If I want to file for a divorce but I don't want to go before a judge, what should I do? 11 Answers as of August 07, 2013

I want to file but we live in a small town and know everyone. I want to file but I don't want to go before a judge. Can it be granted without both of us being present?

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Law Offices of Frances Headley | Frances Headley
You would never have to appear only if you and your husband agree to everything and you have the appropriate documents prepared and filed.
Answer Applies to: California
Replied: 8/7/2013
Musilli Brennan Associates PLLC
Musilli Brennan Associates PLLC | John F Brennan
Yes, if there is agreement and your spouse will cooperate (one of you has to go) but not if it is contested.
Answer Applies to: Michigan
Replied: 8/7/2013
Law Office of Robert E McCall | Robert McCall
In Florida the rules only require one party to physically appear, some judges have different rules and may require both if available. You may also appear by phone and some judges allow appearances by Skype.
Answer Applies to: Florida
Replied: 8/7/2013
Diane l. Berger | Diane L. Berger
There is a procedure where you and your spouse have to sign what is called a Waiver of Hearing in the presence of a Notary Public and of course comply with all of the additional requirements. That would allow the Decree to be signed by a Judge without your presence.
Answer Applies to: Nebraska
Replied: 8/7/2013
Peters Law, PLLC
Peters Law, PLLC | Mark T. Peters, Sr.
Probably, but only if both parties stipulate to all of the details. If your spouse fights, then you can't do it. I suggest talking with an attorney to make sure you understand all of the ramifications of the divorce.
Answer Applies to: Idaho
Replied: 8/7/2013
    T.D. Stevens & Associates PLLC
    T.D. Stevens & Associates PLLC | TD Stevens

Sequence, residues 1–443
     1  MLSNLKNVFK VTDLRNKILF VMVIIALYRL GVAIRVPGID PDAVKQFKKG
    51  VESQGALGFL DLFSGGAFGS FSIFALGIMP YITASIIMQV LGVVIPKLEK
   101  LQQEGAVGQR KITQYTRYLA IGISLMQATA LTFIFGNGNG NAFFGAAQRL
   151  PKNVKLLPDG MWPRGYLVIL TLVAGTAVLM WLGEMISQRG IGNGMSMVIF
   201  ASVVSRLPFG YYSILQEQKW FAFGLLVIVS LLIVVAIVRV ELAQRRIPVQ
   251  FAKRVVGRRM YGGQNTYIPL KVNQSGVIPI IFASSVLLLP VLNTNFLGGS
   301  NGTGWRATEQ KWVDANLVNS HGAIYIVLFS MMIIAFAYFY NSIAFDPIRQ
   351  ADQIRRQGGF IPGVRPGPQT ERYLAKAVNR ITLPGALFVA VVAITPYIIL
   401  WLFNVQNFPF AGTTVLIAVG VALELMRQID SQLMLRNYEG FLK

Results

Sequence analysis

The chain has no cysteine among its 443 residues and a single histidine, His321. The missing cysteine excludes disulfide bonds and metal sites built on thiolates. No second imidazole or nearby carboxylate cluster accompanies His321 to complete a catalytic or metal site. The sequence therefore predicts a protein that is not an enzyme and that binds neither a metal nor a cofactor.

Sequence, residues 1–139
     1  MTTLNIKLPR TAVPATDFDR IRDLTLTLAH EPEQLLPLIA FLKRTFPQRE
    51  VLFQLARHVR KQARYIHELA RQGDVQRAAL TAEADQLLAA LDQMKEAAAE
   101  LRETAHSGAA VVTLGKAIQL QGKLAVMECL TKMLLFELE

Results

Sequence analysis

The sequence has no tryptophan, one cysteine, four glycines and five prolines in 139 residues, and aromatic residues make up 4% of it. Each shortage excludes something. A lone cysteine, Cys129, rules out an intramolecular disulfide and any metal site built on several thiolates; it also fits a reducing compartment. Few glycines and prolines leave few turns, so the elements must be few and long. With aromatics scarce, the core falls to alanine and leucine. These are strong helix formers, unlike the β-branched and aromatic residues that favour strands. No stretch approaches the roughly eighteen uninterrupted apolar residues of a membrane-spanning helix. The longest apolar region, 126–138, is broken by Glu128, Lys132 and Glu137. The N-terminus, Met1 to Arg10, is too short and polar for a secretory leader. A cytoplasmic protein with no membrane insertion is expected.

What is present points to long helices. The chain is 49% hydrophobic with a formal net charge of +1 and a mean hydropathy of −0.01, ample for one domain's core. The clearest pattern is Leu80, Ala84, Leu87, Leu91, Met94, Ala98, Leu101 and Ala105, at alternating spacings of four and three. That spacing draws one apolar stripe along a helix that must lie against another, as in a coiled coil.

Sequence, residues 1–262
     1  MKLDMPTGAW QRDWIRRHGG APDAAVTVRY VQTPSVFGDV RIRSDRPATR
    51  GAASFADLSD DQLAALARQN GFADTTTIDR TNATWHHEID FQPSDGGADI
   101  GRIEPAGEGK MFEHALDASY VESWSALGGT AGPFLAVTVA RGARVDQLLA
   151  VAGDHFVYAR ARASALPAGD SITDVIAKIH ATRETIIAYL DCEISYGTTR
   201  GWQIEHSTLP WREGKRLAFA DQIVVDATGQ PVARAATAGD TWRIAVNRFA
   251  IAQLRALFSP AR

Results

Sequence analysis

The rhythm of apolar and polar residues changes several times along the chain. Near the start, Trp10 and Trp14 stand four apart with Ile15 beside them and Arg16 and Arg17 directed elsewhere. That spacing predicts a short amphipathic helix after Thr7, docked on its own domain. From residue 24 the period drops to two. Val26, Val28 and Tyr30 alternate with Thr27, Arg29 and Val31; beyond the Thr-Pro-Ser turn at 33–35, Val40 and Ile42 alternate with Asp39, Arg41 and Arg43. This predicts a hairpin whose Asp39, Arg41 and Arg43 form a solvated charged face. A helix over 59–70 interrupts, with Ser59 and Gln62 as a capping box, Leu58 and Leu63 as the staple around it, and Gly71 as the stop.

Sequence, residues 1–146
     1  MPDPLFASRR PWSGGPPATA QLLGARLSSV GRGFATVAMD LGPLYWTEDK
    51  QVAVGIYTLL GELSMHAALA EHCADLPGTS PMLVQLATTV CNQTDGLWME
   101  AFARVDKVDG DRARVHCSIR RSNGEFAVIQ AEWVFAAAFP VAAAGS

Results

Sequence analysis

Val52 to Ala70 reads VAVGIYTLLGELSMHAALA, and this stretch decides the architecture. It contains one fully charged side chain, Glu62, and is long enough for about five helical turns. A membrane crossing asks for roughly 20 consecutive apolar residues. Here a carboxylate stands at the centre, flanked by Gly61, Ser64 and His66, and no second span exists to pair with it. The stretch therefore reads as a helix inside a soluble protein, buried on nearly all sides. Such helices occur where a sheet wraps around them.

Some counties allow only one party to appear in court if the case is uncontested. You need to contact the court to confirm their policy.
    Answer Applies to: Texas
    Replied: 8/7/2013
    Peggy M. Raddatz
    Peggy M. Raddatz | Peggy M. Raddatz
    The one who files is called The Petitioner and must go before the judge. So see if the spouse will file.
    Answer Applies to: Illinois
    Replied: 8/7/2013
    John Russo | John Russo
    No, you sound like my mother, who is 95 now. I grew up hearing all the time "don't tell anyone your business" like we were important, and our business as she called it needed to be keep silent for national security reasons. Trust me people most likely know or think they know everything about you anyway. Unless you know one of the Judges well enough to allow you to proceed in chambers it is not happening. And by the way, after you are divorced your file is public record, that means anyone can go and look at it at the clerks office.
    Answer Applies to: Rhode Island
    Replied: 8/7/2013
    Law Offices of Arlene D. Kock
    Law Offices of Arlene D. Kock | Arlene D. Kock
    Assuming your local court rules permit non appearance in front of the judge and the parties have a complete written agreement to submit for a judgment, this should be permissible.
    Answer Applies to: California
    Replied: 8/7/2013
    Victor Varga | Victor Varga
    No, but you can request to have testimony taken by a court examiner, who is a lawyer appointed by the court. You would simply do the testimony in the lawyer's office, with just you and 1 witness.
    Answer Applies to: Maryland
    Replied: 8/7/2013
    Catchick Law, PC
    Catchick Law, PC | Matt Catchick
    If your soon-to-be ex files the Complaint for Divorce as the Plaintiff, and if you amicably resolve all the issues of the case, it is possible for you to avoid going before the Judge, but your spouse will have to, in order to present "proofs" to the Court to facilitate entry of a final Judgment of Divorce.
    Answer Applies to: Michigan
    Replied: 8/7/2013
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